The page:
I skip the dried orange peel, cranberries and sliced almonds and substitute chocolate chips. You can also substitute dried apricots or raisins. I also skip the egg replacer and add 1 teaspoon of apple cider vinegar to the wet ingredients instead. It’s cheaper and adds to the flavor.
For the butter, I use a non-hydrogenated, trans-fat free butter blend with no saturated fats. This reduces the high saturated fat content found in so many baked goods.
For the buttermilk, I add 1/2 teaspoon of apple cider vinegar to vanilla flavored soy milk and stir. Allow it to stand for ten minutes and it’s just like buttermilk, but with fewer calories and no lactose.
Preheat oven to 375 degrees.
In a large mixing bowl, mix the dry ingredients together with a whisk, including the sugar. You can use raw sugar, sugar substitute or white granular sugar. I prefer raw sugar.
Cut the cold butter into chunks and add it to the dry ingredients. Use a fork to break up the butter and mix it into the dry ingredients until the mixture is crumbly.
NOTE: With pastry, the butter and flour mix will coalesce, that is, come together when you press it with your fingers. This is a pastry mix. With gluten free flours, this happens, but the crumbly mix has larger, looser crumbles.
Stir in about 1/2 cup of chocolate chips. Nestles chocolate chips are gluten free.
Add the two eggs to the buttermilk or soy milk mix and stir. Add all but two tablespoons of the buttermilk to the newly formed pastry mix and stir until moistened. The pastry mix should now hold together; it becomes dough.
Place half the dough onto a sheet of wax paper and with your hands shape it into a rough disk. Place another piece of wax paper on top and slowly roll it out with a rolling pin to approximately 1/4 inch thick.
Now Ms. Hagman rolls out all her mixture at once to 1/2 inch thick and cuts the disk into eight wedges. I prefer round scones and I prefer working with the smaller amounts.
Once you’ve rolled out the dough, use a cookie cutter or biscuit cutter to cut out your scones. Place them onto an ungreased cookie sheet. If I’ve got it on hand, I line the cookie sheet with parchment paper.
Brush the tops of the round scones with the remaining buttermilk or soy milk mix. This gives the scones a nice shine and helps keep them moist during the baking process.
Set your timer for 18 minutes. Roll out and cut out your second batch and bake. Allow the scones to cool for a few minutes before serving.
The scones are light and sweet, and the taste is close to that of a chocolate chip cookie. Store them in a plastic bag or airtight container.
You can also freeze the scones dough if you want to cook these up in smaller batches. Just allow the dough to come to room temperature before rolling it out.
In my next post, we’ll talk about how the process differs when baking gluten free compared to baking with wheat flour.
Wednesday, February 3, 2010
I have in my pantry several gluten free flours. Unlike wheat flour, which is generally used as a single ingredient, gluten free flours are combined; you make specific mixes of flours to meet specific baking needs.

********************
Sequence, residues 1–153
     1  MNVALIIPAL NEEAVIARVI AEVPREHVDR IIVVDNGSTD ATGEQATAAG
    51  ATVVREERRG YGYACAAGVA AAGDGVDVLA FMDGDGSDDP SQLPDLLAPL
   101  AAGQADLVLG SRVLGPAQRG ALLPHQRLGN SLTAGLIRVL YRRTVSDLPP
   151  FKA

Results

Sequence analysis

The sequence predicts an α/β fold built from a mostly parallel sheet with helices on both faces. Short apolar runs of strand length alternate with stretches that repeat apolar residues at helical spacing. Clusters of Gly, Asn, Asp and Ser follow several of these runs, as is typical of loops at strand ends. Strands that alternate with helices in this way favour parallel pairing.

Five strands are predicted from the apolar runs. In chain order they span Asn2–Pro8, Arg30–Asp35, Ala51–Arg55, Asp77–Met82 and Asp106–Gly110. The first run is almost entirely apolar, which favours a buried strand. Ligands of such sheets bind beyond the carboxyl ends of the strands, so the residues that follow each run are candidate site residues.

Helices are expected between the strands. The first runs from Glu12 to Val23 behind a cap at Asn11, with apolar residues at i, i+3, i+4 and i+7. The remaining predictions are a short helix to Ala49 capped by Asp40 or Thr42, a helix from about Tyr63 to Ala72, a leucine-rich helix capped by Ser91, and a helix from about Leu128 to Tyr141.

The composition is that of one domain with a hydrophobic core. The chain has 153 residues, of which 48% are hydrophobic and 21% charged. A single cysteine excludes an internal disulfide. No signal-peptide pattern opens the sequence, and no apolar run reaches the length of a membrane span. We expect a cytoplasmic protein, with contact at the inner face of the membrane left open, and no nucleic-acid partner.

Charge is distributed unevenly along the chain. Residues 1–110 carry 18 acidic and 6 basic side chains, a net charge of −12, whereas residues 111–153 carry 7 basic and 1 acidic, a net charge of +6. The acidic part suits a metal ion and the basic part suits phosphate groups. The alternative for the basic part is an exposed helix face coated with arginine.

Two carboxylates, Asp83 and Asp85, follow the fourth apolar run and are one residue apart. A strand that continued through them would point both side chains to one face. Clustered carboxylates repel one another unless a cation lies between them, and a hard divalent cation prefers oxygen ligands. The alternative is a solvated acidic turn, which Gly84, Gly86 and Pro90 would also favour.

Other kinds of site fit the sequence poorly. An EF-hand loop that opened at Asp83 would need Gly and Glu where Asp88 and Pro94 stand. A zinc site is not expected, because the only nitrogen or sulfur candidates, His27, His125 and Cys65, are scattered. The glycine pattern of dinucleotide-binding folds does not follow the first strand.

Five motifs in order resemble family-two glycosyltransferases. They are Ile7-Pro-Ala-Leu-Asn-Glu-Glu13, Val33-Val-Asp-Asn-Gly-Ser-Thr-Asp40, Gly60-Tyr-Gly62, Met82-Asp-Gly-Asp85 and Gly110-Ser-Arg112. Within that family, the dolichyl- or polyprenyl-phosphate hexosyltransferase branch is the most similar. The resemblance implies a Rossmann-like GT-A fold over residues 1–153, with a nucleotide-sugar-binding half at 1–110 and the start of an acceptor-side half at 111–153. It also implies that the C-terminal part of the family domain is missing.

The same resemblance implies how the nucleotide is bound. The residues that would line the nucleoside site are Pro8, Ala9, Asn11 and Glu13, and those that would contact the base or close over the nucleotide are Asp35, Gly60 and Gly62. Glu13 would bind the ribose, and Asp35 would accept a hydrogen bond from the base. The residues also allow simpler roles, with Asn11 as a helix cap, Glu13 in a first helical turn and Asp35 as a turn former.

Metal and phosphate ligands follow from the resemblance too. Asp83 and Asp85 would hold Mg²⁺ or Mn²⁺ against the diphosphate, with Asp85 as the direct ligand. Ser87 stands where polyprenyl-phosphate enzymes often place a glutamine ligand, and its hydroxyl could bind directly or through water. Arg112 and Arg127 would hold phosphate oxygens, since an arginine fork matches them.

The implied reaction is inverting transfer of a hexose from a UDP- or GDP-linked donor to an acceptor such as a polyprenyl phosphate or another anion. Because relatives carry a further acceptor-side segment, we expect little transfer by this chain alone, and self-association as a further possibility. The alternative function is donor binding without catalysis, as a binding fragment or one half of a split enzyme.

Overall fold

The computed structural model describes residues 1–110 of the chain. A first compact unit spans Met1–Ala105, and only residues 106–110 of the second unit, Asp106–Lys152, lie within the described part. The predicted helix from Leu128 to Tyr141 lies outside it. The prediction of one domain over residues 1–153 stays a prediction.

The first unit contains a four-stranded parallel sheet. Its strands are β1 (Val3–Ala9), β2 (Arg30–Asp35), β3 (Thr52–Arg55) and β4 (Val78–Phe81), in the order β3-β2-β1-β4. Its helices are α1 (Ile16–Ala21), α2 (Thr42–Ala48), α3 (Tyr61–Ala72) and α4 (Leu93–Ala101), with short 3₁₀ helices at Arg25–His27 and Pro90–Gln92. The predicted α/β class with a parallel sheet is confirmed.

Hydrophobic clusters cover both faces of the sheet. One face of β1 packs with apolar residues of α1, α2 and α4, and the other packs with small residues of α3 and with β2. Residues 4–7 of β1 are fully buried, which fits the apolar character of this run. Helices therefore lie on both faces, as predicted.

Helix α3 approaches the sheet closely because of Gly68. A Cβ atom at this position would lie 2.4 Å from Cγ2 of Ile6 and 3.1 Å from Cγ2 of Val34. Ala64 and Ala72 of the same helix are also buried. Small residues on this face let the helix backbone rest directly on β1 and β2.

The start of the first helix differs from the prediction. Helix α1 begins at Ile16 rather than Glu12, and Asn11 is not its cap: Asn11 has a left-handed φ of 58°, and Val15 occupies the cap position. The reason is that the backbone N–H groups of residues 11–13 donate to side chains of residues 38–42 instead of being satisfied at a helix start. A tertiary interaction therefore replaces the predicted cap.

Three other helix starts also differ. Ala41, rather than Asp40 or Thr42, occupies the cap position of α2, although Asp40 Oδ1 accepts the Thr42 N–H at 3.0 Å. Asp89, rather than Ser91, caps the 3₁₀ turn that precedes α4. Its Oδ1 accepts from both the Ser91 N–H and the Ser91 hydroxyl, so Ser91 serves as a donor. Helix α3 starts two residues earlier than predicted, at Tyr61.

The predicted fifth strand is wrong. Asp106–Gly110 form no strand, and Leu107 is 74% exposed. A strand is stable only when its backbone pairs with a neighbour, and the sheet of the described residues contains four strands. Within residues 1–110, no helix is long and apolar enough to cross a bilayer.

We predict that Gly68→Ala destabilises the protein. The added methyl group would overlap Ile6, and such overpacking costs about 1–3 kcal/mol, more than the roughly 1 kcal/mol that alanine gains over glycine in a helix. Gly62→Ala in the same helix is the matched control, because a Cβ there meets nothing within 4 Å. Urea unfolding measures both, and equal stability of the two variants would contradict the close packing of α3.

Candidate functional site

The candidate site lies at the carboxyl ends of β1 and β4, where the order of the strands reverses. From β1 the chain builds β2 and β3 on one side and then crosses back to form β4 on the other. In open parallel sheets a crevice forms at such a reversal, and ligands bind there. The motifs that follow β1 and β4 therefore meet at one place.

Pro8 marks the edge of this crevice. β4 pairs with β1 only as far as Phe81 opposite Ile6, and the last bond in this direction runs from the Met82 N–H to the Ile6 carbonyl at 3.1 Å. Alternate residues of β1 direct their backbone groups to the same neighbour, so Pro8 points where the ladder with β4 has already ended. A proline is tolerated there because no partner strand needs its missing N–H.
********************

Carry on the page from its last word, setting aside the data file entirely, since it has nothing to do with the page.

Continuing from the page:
Cookbook author Bette Hagman includes several flour mixes in her book, "The Gluten0Free Gourmet Bakes Bread". For example, her Gluten-Free Flour Mix is a combination of rice flour, potato starch and tapioca flour. The mix is just right for her scones recipe.
So, for the gluten free foods, I store brown rice flour and white rice flour, potato starch and potato flour, tapioca flour, soy flour, corn flour, buckwheat flour (which does not contain wheat or gluten), and garbanzo bean flour.
I also have cornstarch. Quite a bit of it. Cornstarch, commonly used as a thickener, gives gluten free flours a bit more texture, a bit more adhesion.
Brown rice flour is slightly courser than white rice flour, and does well in bread mixes. Potato flour is very fine and adds a savor, potato taste to breads. It also blends well with tapioca flour, which brings a bit of chewy texture to cakes and cookies.
Soy flour is high in protein and corn flour adds texture to muffins and breakfast rolls. Both buckwheat flour and garbanzo bean flour are high in protein and work well in breads.
This quick overview of gluten free flours will take us to our next blog, where we'll look at Bette Hagman's scones recipe and her Gluten Free Flour Mix. After that, we'll experiment with a recipe using a premix for cornbread and buckwheat flour to make a breakfast bread.
Monday, February 1, 2010
My kitchen is like a restaurant kitchen. It's a working kitchen. And I'm chief cook and bottle washer.
I need to bake gluten free foods and cook low fat foods and vegetarian dishes. I need to keep it fresh and diversified and avoid cross contamination between wheat flours and non-wheat flours. I need to keep the salt out and the flavor in.
For all you young parents out there who are just starting to raise your kids and need to cook in the 21st century, this blog is for you. For all you older folk who need to pass up the fried chicken to keep your arteries open and lose the salt to lose the pounds, this blog is for you. And for you vegetarians, new and seasoned, this blog is for you.
What this blog isn't is a collection of recipes, though recipes will be included in posts from time to time. But we'll focus on techniques and products for contemporary cooking. We'll focus on food sensitivities and specialized diets and designer diets. We'll explore what it means to feed your family in the 21st century. We'll explore what it means to be a contemporary cook.